Delhi NGOs deliberate over child protection policy


New Delhi : Various NGOs of the capital came together Friday to deliberate on a common child protection policy, which will be adopted by all organisations, aiming to go a step ahead of the Juvenile Justice System Act which talks about child protection.

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Formulated by Udayan Care and Quality Institutional Care and Alternatives for Children, the Delhi Declaration on Child Protection Policy 2009 chalks out various responsibilities that an organisation committed to child care should adhere to.

According to Kiran Modi of Udayan Care, every organisation working on child welfare must have its own child protection policy.

“After every organisation writes its own child protection policy, they should be put for discussion amongst the various stakeholders and the best practices adopted,” Modi told IANS on the sidelines of a positive mental health and child well being programme here.

The policy states that every organisation should take care of parameters, for example, a child has the right to be protected from abuse – physical, sexual, neglect and emotional, should be sent to school and most importantly being consulted in programme planning and implementation.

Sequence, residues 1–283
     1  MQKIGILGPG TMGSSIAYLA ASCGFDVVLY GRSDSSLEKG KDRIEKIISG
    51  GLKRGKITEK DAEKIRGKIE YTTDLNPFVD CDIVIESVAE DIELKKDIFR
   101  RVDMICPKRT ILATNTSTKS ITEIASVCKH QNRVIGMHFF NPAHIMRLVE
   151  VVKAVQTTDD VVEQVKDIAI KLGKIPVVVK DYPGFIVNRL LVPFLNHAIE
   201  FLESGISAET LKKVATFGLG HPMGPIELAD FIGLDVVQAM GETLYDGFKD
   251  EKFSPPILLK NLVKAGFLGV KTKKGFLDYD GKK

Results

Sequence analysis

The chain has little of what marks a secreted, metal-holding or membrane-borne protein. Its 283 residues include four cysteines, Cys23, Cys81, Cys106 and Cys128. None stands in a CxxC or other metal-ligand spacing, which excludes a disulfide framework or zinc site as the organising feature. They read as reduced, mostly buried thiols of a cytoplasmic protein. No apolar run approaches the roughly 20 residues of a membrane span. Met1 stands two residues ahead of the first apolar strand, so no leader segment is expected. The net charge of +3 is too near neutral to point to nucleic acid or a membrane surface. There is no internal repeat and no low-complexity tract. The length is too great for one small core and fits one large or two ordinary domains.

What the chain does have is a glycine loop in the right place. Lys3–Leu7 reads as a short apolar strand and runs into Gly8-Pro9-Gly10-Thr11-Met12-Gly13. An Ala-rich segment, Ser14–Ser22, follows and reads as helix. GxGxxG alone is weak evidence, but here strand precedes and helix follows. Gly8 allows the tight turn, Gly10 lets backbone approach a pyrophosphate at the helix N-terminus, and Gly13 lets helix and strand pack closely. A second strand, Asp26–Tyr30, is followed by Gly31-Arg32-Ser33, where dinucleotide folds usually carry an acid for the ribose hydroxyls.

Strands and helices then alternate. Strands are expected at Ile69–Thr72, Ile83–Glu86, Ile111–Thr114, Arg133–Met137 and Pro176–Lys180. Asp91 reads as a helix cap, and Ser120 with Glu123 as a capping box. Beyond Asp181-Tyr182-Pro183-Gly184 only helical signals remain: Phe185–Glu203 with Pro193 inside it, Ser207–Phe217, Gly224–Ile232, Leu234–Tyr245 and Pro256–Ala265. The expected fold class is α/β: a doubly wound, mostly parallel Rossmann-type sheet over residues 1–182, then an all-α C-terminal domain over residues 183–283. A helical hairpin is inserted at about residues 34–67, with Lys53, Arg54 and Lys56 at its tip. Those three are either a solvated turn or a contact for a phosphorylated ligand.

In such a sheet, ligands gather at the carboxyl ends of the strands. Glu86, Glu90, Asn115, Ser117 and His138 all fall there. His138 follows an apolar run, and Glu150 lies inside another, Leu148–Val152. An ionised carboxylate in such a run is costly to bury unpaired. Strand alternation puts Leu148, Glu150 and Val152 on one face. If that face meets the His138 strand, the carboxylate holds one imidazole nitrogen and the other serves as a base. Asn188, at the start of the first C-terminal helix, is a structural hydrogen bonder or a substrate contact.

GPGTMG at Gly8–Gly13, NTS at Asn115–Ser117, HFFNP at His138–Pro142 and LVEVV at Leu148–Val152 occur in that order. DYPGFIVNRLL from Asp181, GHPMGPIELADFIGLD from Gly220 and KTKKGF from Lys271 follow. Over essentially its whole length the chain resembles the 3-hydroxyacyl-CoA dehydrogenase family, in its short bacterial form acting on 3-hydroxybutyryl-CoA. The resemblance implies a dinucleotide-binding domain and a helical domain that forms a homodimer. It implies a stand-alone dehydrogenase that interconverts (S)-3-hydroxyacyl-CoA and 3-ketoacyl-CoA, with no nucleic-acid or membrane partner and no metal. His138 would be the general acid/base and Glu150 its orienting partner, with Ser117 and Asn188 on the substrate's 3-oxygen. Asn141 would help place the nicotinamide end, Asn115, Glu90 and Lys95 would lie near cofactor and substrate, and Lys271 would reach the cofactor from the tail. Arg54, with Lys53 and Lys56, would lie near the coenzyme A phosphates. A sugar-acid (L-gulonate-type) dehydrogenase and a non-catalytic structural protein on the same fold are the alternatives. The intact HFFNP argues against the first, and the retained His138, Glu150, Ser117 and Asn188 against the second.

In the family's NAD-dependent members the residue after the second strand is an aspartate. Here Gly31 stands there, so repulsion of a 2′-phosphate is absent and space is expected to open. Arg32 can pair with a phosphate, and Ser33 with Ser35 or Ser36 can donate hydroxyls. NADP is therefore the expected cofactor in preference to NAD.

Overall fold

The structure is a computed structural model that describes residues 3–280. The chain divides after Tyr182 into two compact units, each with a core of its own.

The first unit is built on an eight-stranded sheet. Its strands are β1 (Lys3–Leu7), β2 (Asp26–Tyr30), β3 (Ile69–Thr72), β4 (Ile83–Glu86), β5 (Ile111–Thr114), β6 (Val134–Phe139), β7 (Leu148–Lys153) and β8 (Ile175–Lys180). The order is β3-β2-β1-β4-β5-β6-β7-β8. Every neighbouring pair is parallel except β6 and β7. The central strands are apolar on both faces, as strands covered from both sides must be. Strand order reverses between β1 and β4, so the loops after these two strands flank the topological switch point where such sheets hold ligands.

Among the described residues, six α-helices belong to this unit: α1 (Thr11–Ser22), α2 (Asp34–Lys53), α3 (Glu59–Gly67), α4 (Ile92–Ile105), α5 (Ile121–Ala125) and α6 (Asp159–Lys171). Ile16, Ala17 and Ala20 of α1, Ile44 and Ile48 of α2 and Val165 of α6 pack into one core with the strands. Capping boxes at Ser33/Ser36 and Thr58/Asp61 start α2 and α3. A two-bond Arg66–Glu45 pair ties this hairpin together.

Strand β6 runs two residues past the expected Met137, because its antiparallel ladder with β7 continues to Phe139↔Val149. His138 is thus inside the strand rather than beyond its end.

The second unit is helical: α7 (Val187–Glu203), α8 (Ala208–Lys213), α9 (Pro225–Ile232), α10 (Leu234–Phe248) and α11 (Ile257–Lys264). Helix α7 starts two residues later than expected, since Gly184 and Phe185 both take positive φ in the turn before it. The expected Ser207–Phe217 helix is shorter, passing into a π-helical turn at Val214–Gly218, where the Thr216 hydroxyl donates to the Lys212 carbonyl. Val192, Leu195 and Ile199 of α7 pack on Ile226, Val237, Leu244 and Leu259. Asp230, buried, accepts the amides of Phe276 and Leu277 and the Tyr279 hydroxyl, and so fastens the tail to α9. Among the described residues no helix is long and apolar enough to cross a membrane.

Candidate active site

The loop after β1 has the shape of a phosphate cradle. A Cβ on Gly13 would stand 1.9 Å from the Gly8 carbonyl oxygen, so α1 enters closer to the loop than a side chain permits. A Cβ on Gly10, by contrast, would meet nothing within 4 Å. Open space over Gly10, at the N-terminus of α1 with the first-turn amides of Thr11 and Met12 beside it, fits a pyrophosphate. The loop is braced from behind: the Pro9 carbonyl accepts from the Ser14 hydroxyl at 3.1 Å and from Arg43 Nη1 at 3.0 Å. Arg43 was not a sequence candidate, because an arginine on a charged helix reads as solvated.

Talking about the Juvenile Justice (JJ) System Act, Modi said that its clauses must be strictly adhered to in order to uphold child rights.

She, however, said that the JJ Act gives broad guidelines to institutional child welfare, and therefore it is necessary that each of the organisations working in this field puts in its working principle in various subjects on paper.

“For instance, the JJ Act talks about every child being sent to school, but it depends on a particular NGO what kind of schooling they think would be good for the kids they look after. Udayan Care stresses on its kids being given formal education, some other organisation may prefer a non-formal education,” Modi said.

“Therefore, in various other parameters too, it is necessary to point out an organisation’s working principles and put them together in a paper which is formally put in paper and seen by a compliance officer that they are actually implemented,” Modi said.

Although it was to be signed by all participants, some NGOs sought some time in deliberating over the declaration. The declaration will then be sent to the National Commission for Protection of Child Rights (NCPCR) for approval.